Redondo Beach may claim him but it’s Venice that can truly stake the claim to fame for George Freeth, the man credited for bringing surfing from Hawaii to Southern California in the early 1900s, says Elayne Alexander, a Venice historian and member of the Venice Community Trust Archival Committee.
A slide show presentation on the life of Freeth and the 100th anniversary of the surfing phenomenon, which has come to be a defining image of the Southern California lifestyle, is scheduled for 8:30 p.m. Sunday, July 22nd, at the Danny’s Deli, 23 Windward Pacific Ave., Venice. Admission is free.
The speaker and presenter of the program is Dr. Arthur Verge, a historian, professor at El Camino College and 35-year veteran Los Angeles County lifeguard, who has researched the topic for the past five years with historians Elayne Alexander and Dave Kastigar.
Freeth came to Venice on July 22nd, 1907 at age 24 and by the end of the month, it was reported in the news that a Hawaiian was riding the waves on a board on the north end of Venice.
As if it weren’t enough to bring what later would become the cultural phenomenon of surfing to Southern California’s shores, Freeth is also revered as a pioneering lifeguard.
Freeth was the mentor of Duke Kahanamoku, an Olympic champion who is widely known as the father of modern surfing, who called Freeth the “most consummate waterman I have ever known.”
Freeth was the founder of the Venice Volunteer Lifeguards and shuttled back and forth between Venice and Redondo Beach on Pacific Electric cars earning his living as a paid lifeguard and swim instructor at Huntington’s Redondo Plunge. He was a mentor to many of the area’s children, teaching them surfing, swimming, lifesaving skills and water polo.
He was awarded a Congressional Gold Medal, the nation’s highest civilian honor, when he saved seven Japanese fishermen from drowning.
The fishermen had been trapped by stormy weather and high winds on some jagged rocks at the Venice breakwater.
When it became clear to the lifeguards that the use of a dory would not be possible in a rescue attempt, Freeth swam out to the fisherman and rescued each one of them, a feat unheard of in those days, Alexander says.
“In some ways, this makes Freeth the father of lifeguarding as well,” says Alexander.
The lackluster pay received by lifeguards is said to be what led Freeth to leave Los Angeles County in 1915 for a job offer in San Diego.
In 1918, Freeth became a victim of the swine flu pandemic. He survived an initial bout of the flu, but a relapse overtook him the next year and he died April 7th, 1919 at the age of 35.
Historian trio Verge, Alexander and Kastigar dug deep for archived newspaper articles in the Los Angeles Times, Redondo Reflex, Venice Vanguard, Santa Monica Outlook and newspapers in Hawaii to unearth information about the life of Freeth. They even found a shot of Freeth that had run in a Houston newspaper, kept in the archives of the Los Angeles Public Library.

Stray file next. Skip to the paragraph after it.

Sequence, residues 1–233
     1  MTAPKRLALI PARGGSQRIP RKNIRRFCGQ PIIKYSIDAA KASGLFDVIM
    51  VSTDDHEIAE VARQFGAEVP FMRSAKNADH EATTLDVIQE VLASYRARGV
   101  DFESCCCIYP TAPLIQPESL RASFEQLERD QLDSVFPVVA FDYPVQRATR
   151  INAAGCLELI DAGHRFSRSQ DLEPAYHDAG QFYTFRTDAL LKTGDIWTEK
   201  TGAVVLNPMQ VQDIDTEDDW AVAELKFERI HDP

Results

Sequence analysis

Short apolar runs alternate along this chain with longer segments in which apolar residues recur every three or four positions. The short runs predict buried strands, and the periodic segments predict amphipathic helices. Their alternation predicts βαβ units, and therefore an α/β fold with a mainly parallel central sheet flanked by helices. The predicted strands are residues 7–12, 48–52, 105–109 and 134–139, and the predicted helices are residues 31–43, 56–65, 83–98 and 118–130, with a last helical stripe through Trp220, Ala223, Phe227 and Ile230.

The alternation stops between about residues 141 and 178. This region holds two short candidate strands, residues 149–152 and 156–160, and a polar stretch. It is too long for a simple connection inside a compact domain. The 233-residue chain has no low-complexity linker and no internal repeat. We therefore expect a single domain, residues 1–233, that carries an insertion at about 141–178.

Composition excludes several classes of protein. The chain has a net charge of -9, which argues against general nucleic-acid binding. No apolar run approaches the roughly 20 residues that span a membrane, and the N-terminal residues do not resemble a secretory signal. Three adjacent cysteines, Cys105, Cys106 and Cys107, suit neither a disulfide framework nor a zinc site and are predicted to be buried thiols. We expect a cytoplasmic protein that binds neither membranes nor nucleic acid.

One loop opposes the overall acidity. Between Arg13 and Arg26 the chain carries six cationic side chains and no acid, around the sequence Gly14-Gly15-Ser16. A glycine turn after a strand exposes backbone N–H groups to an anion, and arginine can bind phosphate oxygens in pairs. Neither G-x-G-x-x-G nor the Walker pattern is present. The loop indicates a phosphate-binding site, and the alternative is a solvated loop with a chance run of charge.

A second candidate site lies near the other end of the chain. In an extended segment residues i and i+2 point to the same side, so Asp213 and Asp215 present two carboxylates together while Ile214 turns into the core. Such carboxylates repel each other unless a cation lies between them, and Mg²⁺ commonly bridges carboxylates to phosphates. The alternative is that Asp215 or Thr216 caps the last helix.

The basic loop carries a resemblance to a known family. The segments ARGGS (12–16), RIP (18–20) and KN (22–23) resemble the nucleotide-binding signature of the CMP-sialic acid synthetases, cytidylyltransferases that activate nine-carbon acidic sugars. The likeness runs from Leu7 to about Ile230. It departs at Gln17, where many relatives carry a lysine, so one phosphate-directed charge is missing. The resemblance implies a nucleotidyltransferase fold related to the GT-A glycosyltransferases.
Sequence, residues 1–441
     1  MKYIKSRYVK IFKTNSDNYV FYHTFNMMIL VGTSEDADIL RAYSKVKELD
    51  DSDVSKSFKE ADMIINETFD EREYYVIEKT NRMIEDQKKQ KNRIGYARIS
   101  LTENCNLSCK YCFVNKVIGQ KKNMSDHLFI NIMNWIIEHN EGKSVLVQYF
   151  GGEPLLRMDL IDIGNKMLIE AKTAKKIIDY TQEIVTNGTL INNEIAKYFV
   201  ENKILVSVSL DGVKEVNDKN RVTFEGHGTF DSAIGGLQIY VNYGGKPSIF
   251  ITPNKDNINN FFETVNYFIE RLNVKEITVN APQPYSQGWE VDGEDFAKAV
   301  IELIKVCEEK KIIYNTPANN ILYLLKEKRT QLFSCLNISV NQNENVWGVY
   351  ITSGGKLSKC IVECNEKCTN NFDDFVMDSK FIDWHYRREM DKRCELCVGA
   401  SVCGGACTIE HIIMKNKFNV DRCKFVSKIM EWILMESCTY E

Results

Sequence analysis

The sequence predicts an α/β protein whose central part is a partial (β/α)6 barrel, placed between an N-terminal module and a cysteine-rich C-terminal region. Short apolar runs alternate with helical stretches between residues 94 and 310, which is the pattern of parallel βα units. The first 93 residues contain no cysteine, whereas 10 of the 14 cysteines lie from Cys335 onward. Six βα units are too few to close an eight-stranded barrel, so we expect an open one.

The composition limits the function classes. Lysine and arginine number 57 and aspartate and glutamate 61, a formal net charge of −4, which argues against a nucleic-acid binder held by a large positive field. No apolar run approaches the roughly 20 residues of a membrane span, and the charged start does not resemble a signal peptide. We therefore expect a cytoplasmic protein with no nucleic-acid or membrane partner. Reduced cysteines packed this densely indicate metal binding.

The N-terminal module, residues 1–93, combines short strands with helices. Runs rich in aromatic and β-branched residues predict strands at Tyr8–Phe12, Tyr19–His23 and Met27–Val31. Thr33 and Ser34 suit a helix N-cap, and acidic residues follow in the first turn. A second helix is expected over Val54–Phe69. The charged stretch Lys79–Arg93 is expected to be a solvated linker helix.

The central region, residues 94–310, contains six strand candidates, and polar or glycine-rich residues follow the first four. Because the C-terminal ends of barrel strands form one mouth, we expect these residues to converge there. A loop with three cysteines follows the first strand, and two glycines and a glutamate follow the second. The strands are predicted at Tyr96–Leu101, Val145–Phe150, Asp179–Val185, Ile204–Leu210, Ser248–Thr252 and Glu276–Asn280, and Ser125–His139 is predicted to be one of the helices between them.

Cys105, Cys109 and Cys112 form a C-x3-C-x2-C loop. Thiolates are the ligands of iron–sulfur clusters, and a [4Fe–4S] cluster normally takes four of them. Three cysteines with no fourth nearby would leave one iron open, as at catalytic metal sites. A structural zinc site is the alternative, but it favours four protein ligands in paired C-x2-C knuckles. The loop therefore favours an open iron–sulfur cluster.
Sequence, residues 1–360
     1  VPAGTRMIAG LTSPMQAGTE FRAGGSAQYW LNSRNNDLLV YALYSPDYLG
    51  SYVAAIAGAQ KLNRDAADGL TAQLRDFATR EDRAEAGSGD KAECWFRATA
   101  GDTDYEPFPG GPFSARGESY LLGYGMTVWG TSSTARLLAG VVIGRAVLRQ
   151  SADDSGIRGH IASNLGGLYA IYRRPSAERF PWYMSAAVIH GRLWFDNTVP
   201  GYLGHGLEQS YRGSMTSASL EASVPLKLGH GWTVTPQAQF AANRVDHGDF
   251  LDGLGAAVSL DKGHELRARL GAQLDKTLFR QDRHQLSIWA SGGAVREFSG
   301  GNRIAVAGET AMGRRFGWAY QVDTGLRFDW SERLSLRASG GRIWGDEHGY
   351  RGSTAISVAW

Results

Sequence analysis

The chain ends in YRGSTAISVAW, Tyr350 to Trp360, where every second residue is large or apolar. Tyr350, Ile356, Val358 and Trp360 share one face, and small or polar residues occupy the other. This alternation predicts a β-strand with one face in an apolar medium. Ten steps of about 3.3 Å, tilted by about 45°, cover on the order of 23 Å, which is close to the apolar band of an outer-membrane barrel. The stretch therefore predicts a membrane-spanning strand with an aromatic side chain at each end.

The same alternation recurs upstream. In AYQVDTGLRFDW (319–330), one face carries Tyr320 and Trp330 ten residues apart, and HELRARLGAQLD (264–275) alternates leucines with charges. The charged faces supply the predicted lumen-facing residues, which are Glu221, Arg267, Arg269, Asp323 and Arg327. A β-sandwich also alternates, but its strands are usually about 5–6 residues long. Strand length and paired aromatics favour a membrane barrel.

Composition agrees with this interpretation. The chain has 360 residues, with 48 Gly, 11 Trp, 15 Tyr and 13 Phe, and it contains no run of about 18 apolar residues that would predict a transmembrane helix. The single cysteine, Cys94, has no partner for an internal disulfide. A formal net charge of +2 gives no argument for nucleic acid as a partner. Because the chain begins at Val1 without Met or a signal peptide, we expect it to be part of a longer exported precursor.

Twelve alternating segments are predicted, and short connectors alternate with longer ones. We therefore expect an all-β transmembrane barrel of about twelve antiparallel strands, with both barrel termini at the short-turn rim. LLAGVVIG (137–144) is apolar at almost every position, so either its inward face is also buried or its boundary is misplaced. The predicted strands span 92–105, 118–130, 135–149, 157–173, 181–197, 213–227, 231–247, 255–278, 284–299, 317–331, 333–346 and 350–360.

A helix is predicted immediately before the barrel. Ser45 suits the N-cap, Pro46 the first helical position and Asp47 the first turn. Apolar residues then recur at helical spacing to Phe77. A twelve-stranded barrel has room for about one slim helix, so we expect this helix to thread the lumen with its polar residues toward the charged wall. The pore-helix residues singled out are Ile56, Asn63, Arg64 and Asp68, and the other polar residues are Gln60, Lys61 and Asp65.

They researched Freeth’s family tree — Freeth was half-English and half native Hawaiian — and went to visit a relative in Hawaii that Freeth had visited during his lifetime, says Alexander.
The historians tracked his path in Venice, then shifted to Redondo Beach.
They visited San Diego and walked the streets mapping out places that Freeth lived and worked and stayed, including the Southern Hotel, which is still in operation.
Having been viewed as an important historical figure who had never received his proper due as those like Duke Kahanamoku who followed in Freeth’s footsteps had, the local historians first began looking into doing a project on Freeth in 1999.
Alexander has authored three historical books — Abbot Kinney’s Venice-of-America, On the Wings of an Eagle, and Images of America – Venice, California.
Verge’s historical photo book, Santa Monica Lifeguards, was published last year by Arcadia Publishing, preceded by Los Angeles County Lifeguards, which came out the year before. He is also the author of Paradise Transformed: Los Angeles During the Second World War, and is a specialist on the impact of the World War II. Verge has lived in England, Spain, Denmark, and Austria.
In 1991, Verge directed El Camino College’s Semester Abroad Program in England and he has co-directed the Vienna Institute with Dr. William Doyle since 1993. Currently, Verge serves as a co-director of the Professional Lifeguard Foundation and has been a Los Angeles County Lifeguard for some three decades.
Information, (310) 566-5610.